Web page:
Skip to comments.Teen uses satellite imagery to discover possible ancient Mayan ruins
Posted on 05/20/2016 10:31:06 AM PDT by Red Badger
Credit: Canadian Space Agency, via TheTelegraph
William Gadoury, a 15 year old Mayan history enthusiast who lives in Saint-Jean-de-Matha in Lanaudière, Quebec, has, according to Le Journal de Montréal, used satellite imagery to make associations between ancient Mayan city locations and constellations, and in so doing, may have actually discovered a site that has not been previously known.
According to the news report, Gadoury, who claims to have been long interested in the Mayan culture, gained access to satellite imageryafter applying the Geographic Information System he found a correlation between 22 constellations and 117 Mayan cities. But, in so doing, he noticed that there appeared to be something missing, a 23rd constellation suggested there should have been another city that did not appear in the database of Mayan cities, which suggested that there might be one in the location depicted in the constellation. Going back to satellite imagery, it appeared that the location indicated by the 23rd constellation did indeed seem to be a possible site of a previously unknown Mayan city. Gadoury has already named it: K'àak' Chi' for "fire mouth."
More work will have to be done, of course, perhaps by Gadoury and others in the field, first, to ascertain if the correlations found between constellations and Mayan cities is correctit is possible that there is some coincidence involved, after all there are many more city sites that do not appear in any of the constellations. There is also the troubling proposition that the Mayans were somehow able to map their cities, accurately portraying distances, which would have been extraordinarily difficult in jungle terrain. Also, it is also possible that the site that has potentially been discovered has actually been seen before, it sits close enough to a populated area that it would be hard to imagine that it has not been spottedand has simply not yet made its way into the database Gadoury used in his study.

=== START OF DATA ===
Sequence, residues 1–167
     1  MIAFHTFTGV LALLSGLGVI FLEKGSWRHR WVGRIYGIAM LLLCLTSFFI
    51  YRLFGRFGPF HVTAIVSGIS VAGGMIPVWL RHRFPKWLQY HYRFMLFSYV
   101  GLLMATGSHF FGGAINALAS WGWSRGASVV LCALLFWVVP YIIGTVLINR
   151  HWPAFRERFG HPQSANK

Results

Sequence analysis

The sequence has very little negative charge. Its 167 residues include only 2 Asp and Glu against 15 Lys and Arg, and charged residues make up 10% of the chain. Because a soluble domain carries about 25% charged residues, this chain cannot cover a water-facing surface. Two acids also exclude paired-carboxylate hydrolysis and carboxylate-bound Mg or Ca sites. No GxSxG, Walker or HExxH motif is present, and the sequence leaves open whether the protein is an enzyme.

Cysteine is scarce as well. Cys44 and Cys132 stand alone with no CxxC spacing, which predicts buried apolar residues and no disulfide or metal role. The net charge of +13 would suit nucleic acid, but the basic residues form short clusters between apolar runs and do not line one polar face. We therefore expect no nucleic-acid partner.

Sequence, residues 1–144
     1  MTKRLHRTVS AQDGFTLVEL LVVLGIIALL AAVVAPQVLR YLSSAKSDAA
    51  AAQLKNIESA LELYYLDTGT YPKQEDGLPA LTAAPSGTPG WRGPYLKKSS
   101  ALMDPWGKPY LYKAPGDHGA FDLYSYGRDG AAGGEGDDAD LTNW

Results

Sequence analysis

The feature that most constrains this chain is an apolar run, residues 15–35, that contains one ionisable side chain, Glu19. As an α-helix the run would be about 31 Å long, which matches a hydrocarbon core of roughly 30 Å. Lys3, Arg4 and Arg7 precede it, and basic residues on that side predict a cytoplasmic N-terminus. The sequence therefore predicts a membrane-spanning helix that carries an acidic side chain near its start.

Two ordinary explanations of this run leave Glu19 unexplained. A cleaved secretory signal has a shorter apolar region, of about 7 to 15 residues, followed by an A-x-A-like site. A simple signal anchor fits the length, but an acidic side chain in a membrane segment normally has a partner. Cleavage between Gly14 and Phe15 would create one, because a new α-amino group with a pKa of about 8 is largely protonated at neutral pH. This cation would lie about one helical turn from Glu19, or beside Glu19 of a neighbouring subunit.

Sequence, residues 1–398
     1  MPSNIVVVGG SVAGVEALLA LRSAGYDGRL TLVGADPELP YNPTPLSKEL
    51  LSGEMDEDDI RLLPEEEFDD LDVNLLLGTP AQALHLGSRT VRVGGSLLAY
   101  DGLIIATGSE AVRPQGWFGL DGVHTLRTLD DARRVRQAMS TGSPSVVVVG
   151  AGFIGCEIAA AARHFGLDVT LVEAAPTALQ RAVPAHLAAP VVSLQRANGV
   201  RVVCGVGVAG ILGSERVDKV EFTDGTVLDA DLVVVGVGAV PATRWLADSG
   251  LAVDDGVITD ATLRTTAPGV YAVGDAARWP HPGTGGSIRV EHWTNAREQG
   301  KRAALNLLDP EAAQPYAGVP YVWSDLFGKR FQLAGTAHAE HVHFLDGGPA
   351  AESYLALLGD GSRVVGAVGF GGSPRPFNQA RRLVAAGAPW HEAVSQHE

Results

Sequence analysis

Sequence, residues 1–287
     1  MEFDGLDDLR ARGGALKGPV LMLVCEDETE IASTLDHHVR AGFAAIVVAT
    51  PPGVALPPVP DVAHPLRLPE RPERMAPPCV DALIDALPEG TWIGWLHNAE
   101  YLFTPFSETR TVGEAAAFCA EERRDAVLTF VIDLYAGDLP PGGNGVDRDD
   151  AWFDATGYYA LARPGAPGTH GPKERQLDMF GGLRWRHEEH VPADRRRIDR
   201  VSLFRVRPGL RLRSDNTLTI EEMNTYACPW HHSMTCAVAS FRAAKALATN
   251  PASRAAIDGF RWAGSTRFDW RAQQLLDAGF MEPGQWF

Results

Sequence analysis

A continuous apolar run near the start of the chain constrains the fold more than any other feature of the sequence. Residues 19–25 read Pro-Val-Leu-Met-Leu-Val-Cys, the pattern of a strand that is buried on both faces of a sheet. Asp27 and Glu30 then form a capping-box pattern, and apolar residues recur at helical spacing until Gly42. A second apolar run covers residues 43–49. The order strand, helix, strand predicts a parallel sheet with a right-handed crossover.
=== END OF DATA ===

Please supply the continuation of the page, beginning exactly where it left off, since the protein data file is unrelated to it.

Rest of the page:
Unfortunately, there are no plans to mount an expedition to the site found on the maps, financial constraints are hampering any such excursion. But, Armand LaRocque an archeologist with the University of New Brunswick has suggested that if ever a team is assembled, they plan to include Gadoury as part of their venture.
Explore further: Giant sculptured Mayan head found
Wow, this story is TOO GOOD TO BE TRUE!
oh,... wait a second.
The kid may have found something but I ain’t buying the Mayans-placed-cities-to-align-with-constellation-stars notion.
His theory hasn’t been debunked. It’s just that a bunch of elites have “poo-pooed” the idea. There is no evidence at this time that he is wrong.
That’s the same thing the consensus crowd says about globull warming.
earlier on FR:
Note that scientists questioned irregularities in the sizes and relative positions of the Egyptian Giza pyramids. But it turns out that the ancient Egyptians likely based the layout of the pyramids on the relative brightness and positions of the three stars of the belt of Orion.
Or they finally found a ratio of base to height where the d**n things didn’t collapse.
And found land for sale.
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